Across the territories, 2018 appeared to be, overall, a strong year for the housing market. Nunavut’s economy and labour market grew steadily. Positive migration and a high birth rate should increase housing demand in the territory. In Yukon, the rental vacancy rate fell to its lowest level in 4 years.
In the Northwest Territories, the situation was a bit more complex. The segment of the population aged 15 or over increased, and the unemployment rate fell. Both of these changes increased demand. However, a slowdown in the mining industry had a negative effect on the resale market, and the addition of new rental units increased the vacancy rate.
We’ve just released our Northern Housing Market Outlook for 2019. This report covers the evolution of the housing market across the 3 territories. Here are some highlights:
Nunavut: Strong economy and population growth signal increased housing demand
- Nunavut’s economy and labour market grew steadily in 2018 and the first 2 quarters of 2019. The population has increased due to positive migration and a high birth rate over the past 2 years. These changes will generate demand for more and larger housing units in the territory.
- On the private rental market, the average rent in Iqaluit increased across all unit types. Iqaluit’s average rents are among the highest in Canada. For a 2-bedroom unit, the average rent was $2,678 in 2018.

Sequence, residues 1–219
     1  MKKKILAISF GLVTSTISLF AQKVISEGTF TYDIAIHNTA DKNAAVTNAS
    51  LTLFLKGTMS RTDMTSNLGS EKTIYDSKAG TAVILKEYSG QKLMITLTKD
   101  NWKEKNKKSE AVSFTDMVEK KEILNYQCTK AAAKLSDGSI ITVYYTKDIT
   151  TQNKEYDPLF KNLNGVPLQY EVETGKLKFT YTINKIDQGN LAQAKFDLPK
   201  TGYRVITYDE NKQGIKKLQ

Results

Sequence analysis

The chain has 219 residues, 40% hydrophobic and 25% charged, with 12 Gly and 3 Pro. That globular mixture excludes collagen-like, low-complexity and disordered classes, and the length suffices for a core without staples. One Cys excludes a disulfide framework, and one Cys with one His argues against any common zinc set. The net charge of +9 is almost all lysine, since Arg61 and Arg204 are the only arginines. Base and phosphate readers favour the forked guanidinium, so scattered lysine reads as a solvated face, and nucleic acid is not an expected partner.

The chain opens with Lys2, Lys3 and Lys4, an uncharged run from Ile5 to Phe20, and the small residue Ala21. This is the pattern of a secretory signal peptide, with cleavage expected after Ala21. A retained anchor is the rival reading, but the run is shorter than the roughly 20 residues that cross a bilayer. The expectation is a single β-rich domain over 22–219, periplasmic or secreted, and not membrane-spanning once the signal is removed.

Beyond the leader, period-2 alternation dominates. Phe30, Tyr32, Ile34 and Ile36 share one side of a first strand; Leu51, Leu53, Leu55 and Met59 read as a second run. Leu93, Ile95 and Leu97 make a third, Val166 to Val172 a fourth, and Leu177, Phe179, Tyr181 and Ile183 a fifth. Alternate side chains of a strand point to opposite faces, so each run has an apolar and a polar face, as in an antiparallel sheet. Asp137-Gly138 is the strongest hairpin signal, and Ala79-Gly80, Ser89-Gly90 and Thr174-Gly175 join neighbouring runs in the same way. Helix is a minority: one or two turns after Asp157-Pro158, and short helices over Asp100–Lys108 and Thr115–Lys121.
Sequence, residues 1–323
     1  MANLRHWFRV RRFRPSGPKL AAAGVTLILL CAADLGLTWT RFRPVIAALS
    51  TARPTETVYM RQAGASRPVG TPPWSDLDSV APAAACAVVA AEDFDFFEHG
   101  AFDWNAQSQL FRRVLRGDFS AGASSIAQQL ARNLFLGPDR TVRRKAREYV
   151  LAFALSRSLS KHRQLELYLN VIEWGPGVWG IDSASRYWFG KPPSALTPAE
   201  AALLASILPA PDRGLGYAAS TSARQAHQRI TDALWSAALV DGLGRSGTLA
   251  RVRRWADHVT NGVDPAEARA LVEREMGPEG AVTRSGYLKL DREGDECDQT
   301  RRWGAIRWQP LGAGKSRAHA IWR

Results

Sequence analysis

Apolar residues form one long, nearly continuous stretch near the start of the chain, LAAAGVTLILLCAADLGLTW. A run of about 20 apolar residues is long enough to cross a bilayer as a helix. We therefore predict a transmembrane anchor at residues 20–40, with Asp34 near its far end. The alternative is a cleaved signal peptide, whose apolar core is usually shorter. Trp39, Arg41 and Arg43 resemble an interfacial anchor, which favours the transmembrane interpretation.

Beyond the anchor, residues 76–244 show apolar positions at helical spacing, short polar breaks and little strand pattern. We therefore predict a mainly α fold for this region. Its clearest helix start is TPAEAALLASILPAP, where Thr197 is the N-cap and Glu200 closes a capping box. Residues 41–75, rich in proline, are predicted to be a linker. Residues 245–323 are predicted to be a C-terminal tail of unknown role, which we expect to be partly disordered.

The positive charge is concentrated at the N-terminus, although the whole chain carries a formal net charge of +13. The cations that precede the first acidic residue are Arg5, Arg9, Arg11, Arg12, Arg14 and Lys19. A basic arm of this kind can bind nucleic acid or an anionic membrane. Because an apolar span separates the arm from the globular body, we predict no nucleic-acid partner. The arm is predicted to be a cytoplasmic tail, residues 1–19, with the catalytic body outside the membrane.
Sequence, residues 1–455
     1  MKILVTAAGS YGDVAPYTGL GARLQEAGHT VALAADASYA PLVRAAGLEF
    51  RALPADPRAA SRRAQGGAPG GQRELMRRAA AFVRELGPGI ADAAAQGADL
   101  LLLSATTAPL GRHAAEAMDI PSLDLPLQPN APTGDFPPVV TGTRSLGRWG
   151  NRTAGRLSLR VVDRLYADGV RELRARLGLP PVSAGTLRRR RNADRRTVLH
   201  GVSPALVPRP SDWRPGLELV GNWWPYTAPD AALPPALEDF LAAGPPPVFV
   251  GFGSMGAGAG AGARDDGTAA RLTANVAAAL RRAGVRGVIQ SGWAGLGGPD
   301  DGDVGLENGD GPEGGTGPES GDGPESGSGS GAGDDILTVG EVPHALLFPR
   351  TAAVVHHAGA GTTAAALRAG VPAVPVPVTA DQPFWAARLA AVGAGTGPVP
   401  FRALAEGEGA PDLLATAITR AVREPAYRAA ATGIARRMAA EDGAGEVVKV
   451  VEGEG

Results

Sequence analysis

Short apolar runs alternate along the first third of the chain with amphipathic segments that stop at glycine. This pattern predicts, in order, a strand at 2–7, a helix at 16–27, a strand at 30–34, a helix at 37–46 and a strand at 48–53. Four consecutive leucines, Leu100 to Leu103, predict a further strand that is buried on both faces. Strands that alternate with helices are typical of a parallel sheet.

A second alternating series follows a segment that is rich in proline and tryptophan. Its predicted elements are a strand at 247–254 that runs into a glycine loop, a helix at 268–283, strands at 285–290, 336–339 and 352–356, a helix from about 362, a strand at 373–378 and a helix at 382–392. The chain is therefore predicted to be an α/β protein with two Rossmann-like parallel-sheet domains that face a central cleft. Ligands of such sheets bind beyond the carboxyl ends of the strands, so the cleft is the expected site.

- There were 36 sales in 2018, most of which involved single-detached homes. The average home price was marginally lower in 2018, at $509,542, compared to $512,961 in 2017.
Yukon: Vacancy rate continues to fall, but affordability is a concern
- The rental unit vacancy rate in Whitehorse was 2.4% in October 2018. This was a decrease from 2.8% in October 2017, and the lowest level it has reached in the past 4 years.
- Strong population growth for those aged 65 and over stressed the need for housing that accommodates an aging population.
- Families earning less than $30,000 wouldn’t be able to afford the average 1- or 2-bedroom rental unit in Whitehorse.
Northwest Territories: Weaker growth in mining will likely affect the housing market
- Weaker growth in the mining industry will likely cause job losses, especially in the construction sector. This will probably affect the housing market, since construction projects provide some support for the market in Yellowknife.
- In 2018, the population aged 15 and over increased by 300 people. The unemployment rate, meanwhile, fell to 3.3% (from 3.4% in 2017). Together, these changes created extra demand on the Yellowknife housing market.
- The overall vacancy rate rose to 5.2% in 2018, as the rental universe increased marginally to 2,018. This was the largest rental universe since 2013. We expect the rental vacancy rate to remain relatively stable in 2019.
- The decrease in demand from the mining industry may have affected the resale market, since sales fell 25% in 2018. We expect sales to increase in 2019. However, they could remain lower than 2017 levels, because of mortgage rate increases and uncertainties in employment from the mining industry.